Cities and Urbanization
he image of Africa as a continent of traditional villages and small towns has never been correct. Africa has always included both highly urban and rural settlements. However, its cities have grown dramatically in recent years, and some researchers who study population trends have predicted that by the early 2000s about half of all Africans will live in urban areas.
Urbanization—the growth of cities and surrounding areas—has followed different patterns in sub-Saharan Africa and North Africa. In both areas, however, the recent rapid growth of cities has been fueled by two factors: the high birth rate of city dwellers and the migration of large numbers of people from rural to urban areas.
African cities are a magnet. For those living in agricultural areas devastated by drought or war, moving to the city offers the opportunity for a better life. But many African cities are plagued by problems, including unemployment, lack of housing, crime, and poverty. They also suffer from inadequate public services such as water, electricity, schools, and health care. With urbanization likely to continue, African governments and international aid agencies are under pressure to create plans for managing the growth of Africa's cities.
AFRICA SOUTH OF THE SAHARA
Until about 1980, sub-Saharan Africa was overwhelmingly rural, and experts believed it would remain that way. African governments focused on programs for rural and agricultural development, paying little attention to the rapid growth of their cities. Now urbanization is recognized as a major trend in sub-Saharan Africa. But it has not been accompanied by the modernization and economic growth needed to improve the quality of urban life and support expanding city populations.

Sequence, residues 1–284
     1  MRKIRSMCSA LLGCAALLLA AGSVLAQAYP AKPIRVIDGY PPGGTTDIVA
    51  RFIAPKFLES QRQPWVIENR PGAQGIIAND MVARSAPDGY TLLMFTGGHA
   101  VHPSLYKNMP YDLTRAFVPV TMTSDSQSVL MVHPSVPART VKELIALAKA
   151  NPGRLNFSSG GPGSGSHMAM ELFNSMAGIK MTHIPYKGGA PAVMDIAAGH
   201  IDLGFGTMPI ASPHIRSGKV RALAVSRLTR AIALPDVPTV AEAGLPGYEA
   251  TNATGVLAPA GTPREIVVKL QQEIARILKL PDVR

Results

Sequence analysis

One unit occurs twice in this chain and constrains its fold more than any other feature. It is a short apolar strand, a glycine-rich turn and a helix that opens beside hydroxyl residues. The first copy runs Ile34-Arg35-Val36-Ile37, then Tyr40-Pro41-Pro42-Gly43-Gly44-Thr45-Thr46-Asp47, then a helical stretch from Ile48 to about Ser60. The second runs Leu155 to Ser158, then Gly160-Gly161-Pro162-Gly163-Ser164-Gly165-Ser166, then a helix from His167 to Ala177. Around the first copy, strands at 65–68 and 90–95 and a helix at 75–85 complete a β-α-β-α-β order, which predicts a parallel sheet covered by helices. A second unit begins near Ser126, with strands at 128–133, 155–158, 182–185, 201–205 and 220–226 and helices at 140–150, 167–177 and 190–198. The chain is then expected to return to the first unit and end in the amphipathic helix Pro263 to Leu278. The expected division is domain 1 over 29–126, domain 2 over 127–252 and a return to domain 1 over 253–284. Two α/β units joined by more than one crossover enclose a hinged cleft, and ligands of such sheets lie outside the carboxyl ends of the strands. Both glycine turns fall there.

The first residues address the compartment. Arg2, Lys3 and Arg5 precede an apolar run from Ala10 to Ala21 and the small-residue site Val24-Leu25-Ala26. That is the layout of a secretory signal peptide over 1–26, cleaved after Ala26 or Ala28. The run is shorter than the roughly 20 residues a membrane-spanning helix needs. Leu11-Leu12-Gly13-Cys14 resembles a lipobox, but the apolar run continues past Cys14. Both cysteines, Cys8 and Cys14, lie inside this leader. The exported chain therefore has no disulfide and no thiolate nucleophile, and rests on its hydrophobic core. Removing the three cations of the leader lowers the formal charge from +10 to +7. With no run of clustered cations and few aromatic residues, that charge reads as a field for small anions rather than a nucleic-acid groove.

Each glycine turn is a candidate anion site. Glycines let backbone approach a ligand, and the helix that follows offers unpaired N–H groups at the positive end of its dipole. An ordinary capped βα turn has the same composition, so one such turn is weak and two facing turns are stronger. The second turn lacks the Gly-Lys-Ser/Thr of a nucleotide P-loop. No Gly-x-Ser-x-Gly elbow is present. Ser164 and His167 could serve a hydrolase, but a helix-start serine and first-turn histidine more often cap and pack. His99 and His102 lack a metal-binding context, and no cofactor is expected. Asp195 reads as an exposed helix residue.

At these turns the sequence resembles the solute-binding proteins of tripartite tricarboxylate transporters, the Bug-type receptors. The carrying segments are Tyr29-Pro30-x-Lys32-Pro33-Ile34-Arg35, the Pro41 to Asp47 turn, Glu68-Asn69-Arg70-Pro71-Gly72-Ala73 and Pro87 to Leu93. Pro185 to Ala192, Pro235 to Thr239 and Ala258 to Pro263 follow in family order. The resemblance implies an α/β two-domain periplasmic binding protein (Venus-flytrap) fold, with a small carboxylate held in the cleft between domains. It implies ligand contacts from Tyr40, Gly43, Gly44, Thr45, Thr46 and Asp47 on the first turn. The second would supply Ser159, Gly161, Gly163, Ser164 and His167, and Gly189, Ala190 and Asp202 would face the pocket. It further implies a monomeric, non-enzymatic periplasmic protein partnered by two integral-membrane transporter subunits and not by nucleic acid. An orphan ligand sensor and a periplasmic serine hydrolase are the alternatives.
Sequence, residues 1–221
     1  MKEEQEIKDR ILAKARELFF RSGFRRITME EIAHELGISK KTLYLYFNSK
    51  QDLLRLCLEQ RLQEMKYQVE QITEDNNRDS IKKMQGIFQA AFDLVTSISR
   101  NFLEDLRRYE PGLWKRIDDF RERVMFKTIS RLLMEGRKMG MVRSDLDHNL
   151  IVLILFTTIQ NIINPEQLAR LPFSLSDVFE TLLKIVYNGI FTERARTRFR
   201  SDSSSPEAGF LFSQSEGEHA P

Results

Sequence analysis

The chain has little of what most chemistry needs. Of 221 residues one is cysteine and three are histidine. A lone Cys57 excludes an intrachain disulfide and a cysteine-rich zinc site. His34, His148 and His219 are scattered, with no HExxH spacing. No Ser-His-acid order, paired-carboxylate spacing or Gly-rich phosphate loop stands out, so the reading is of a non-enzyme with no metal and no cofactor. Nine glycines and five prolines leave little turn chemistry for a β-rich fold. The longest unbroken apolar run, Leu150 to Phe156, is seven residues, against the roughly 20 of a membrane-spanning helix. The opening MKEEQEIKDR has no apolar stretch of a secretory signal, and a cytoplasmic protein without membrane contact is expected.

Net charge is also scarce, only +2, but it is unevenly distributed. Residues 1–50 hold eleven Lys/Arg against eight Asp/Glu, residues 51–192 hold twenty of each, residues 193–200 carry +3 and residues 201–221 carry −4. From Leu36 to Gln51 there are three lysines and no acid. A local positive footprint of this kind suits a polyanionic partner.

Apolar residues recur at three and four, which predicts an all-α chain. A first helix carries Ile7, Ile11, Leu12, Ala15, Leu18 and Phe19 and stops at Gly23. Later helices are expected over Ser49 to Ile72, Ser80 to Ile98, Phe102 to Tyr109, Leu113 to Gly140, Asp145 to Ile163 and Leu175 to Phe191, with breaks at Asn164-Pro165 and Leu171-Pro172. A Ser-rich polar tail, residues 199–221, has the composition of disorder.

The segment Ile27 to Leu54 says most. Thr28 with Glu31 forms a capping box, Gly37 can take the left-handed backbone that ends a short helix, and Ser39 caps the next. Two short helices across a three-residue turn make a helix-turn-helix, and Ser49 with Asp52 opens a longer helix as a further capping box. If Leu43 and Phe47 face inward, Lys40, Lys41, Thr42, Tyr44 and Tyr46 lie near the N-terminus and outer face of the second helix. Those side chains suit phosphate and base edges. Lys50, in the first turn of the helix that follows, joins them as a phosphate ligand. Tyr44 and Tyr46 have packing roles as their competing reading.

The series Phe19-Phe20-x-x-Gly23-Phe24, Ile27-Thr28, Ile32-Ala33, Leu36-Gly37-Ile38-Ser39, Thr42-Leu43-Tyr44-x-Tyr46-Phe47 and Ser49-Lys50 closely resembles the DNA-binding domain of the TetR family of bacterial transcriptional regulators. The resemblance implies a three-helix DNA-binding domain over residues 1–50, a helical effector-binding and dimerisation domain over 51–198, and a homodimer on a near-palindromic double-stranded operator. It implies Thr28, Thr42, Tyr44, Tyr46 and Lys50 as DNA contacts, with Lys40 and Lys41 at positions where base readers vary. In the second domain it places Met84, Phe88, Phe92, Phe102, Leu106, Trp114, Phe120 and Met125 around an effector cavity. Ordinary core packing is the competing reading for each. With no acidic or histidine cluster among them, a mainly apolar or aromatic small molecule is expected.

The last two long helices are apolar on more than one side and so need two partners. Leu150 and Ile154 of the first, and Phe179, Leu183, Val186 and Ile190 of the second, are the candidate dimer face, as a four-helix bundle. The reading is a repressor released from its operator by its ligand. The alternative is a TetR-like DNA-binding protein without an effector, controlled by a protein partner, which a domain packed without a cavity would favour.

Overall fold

In the centuries before European colonization, western Africa was the most urbanized region south of the Sahara. Cities arose there as centers of religion and government in ancient kingdoms, and a web of trade routes linked these centers with Muslim cities in North Africa and the Saharan borderlands.
Jenne-jeno, located in MALI, is thought to be the oldest city in West Africa. Already nearly a thousand years old by A.D. 800, Jenne-jeno consisted of many round brick houses surrounded by a wall. At that time, it was actually two cities: a native town and a nearby settlement of Arab merchants. This mixture of Islamic and African elements was typical of many sub-Saharan cities with links to North Africa. The town of TIMBUKTU in Mali, founded around A.D. 1000, became a major trading hub and a center of Islamic learning in the 1400s and 1500s Farther south in present-day NIGERIA, the YORUBA established citystates that controlled areas of the surrounding countryside. Ile-Ife, the Yoruba capital, was centered on the king's palace. Radiating out from the palace were 16 residential areas, one for each of 16 major family groups.